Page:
On vacation this week, I had a memory of time past. It is something simple that took me years to figure out but NOW that I got it, I know I am never going back.
I don't want to run with you.
There I said it. I hated running with my husband, or anyone else for that matter. I liked the idea of being a lone wolf, and when I was expected or asked to run with others, I loathed it.
I loathed it, yet I always put on a happy face and did it anyway. And I always looked at other people doing it and just didn't get it. How was that fun? Yet, I longed to do it. First, it killed two birds with one stone. As a mom, you don't get a whole lot of workout and date time with your husband or workout and friend time so to get both of those at once just seems like an ideal multi-task. And I did like the companionship of someone being with you. Running with a partner seemed very easy for just about anyone else, so why couldn't I do it?
My problem was that I kept setting my cadence and pace to someone else. My husband is like a jackrabbit, he gets all jazzed about running and starts off like a hare, running the first few miles at an almost sprint and then getting tired and slowing way down. I am more like the tortoise and believe a steady cadence and pace actually gives you a better time in the end. And for my races, I have seen I am way faster on the back end than when I start. I like the slow build, not a fast burn off. My two besties are great runners with long strides and long legs. They are just naturally faster out of the gate and never slow down, they are former track stars, first place finishers, running even with major leg injury kinda gals. I spent more time in the pool than on land when they were developing muscle memory for running and am short with a shorter stride. Trying to keep up with any one of these situations was frustrating and made me feel off my game.
For years I would try to match their pace, try to keep up or in the case of my husband, sprint and then slow way down when I was just starting to feel my stride. It was exhausting. Then I had a life epiphany...JUST RUN YOUR OWN DAMN RACE.
What if instead of trying to keep up, slow down, match stride, keep cadence with them, I just decided to run my best for me, no matter what?
Seems soooooo simple. However, my desire to become something or someone who morphed into the perfect running partner for someone else took way more precedent over me getting a good run in. So much so that it began to cause anxiety. What if my husband asked me to go for a run with him? Or my friends and I went on vacation and wanted to take a run together? What would I say...I would start formulating excuses as soon as I got up in the morning so I could just go by myself later.
Which seems ludicrous. It was after all just a run. A run that no one else meant to be stressful, quite the contrary.
However, how many times in our lives do we try to conform to how we think we need to do things or be things instead of just worrying about running our own damn race? Think my silly running problem is silly? Ever stood in front of a closet and wondered what to wear because of who was going to be there instead of what would make you feel like you? Yup, almost everyone has done it at some time...and the problem is that when we don't run our own damn race, we are never going to feel like ourselves and therefore not ever completely happy with our lives because when we set our sights on someone's ideas or goals or abilities, we create unattainable situations.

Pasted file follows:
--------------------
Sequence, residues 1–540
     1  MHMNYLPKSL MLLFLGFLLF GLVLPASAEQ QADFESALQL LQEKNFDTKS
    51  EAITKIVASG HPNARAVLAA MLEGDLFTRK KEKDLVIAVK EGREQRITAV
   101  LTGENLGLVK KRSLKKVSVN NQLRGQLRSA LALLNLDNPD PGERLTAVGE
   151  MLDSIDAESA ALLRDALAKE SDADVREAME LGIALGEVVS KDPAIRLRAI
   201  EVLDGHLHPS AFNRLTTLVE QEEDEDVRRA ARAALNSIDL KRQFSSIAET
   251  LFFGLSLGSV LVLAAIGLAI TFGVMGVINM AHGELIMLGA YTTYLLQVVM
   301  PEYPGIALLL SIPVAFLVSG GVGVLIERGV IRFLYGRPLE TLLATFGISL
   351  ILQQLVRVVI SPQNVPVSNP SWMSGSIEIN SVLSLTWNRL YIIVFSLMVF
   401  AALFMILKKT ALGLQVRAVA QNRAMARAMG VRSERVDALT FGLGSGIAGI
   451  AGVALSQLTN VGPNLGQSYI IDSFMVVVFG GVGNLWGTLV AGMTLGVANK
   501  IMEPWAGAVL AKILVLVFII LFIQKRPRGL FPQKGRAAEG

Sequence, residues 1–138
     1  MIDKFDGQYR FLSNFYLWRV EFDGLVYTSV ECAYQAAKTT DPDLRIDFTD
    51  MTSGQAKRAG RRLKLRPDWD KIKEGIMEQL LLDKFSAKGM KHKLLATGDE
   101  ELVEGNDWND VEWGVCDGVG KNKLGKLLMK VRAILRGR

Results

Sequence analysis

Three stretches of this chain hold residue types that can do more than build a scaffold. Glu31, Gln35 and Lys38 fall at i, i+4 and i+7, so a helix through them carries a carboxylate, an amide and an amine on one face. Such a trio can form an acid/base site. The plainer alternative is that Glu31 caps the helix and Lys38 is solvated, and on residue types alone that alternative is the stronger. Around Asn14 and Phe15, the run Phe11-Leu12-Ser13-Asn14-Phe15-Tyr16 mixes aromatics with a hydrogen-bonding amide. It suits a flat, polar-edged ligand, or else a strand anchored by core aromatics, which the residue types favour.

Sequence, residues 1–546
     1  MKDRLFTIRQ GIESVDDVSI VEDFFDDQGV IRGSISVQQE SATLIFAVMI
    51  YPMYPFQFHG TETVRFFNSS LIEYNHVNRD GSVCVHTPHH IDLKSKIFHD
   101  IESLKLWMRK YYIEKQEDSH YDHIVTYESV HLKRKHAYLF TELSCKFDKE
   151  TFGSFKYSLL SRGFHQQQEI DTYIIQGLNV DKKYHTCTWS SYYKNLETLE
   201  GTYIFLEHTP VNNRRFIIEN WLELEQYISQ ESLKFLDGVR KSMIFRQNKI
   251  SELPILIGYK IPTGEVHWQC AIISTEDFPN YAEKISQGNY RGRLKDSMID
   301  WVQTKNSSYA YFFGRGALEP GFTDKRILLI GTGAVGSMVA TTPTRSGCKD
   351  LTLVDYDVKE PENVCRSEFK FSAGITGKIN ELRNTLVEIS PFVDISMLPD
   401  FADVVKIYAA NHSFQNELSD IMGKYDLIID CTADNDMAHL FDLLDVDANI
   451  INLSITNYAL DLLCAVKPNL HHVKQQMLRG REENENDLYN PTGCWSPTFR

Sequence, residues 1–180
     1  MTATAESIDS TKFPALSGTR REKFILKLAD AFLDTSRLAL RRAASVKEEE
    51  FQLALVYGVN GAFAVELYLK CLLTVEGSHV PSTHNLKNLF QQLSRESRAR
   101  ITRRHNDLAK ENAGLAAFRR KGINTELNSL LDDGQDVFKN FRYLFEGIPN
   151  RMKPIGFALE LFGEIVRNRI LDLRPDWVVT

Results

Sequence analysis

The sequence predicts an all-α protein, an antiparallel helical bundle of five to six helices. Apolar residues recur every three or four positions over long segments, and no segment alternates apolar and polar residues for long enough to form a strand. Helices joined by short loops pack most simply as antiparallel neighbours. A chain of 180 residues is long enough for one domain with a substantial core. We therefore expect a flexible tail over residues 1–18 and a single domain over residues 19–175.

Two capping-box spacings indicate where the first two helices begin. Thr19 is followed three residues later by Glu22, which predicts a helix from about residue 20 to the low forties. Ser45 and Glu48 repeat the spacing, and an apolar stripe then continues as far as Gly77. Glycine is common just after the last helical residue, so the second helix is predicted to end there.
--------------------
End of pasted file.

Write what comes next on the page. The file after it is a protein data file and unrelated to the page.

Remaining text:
And it takes a trained, mindful eye to spot that you are doing it, especially if you tend to be a person pleaser. Taking care of others is compassionate; however, changing who you are or what you do and then trying to meet their goals instead of your own is damaging to everyone involved. It teaches everyone to lose synchronicity with who they are.
So, when I took a hot, mindful minute to access why I hated running with anyone else I discovered that it wasn't with others, it was that I had to stand in my own truth and run my own race the way that was best for me, even if that meant opening my mouth before a run and stating my intention for the run to the people I am running beside. Just because I changed how I did things, I did not expect anyone else to change how they did things or conform to how I was going to run. That also would have created an issue. We all just needed to be on the same page with our intentions. I also realized that by mindful stating my intention it freed me to relax and realize that my intentions may change from run to run, but the race is always still my own. Like, when I run with my children. I intend to run with compassion and gratitude and love of running, maybe not getting my exercise in for the day or train for my next PR. This way I don't feel frustrated or disconnected from the people I am running with.
This year on vacation, my husband and I ran together often. He still runs like a crazy jackrabbit out of the box, but I no longer feel the need to try to keep up with his frantic energy...and we are both ok with that. I do my thing, and he does his and about halfway through the run we fall into synch with our pace and cadence naturally because I am no longer trying to match his and he isn't trying to match mine and yet when I let go of trying to keep up, it all fell into place.
Crazy how letting go actually lets everything fall right into place. Set your intentions and run your own damn race. We will all be better for it.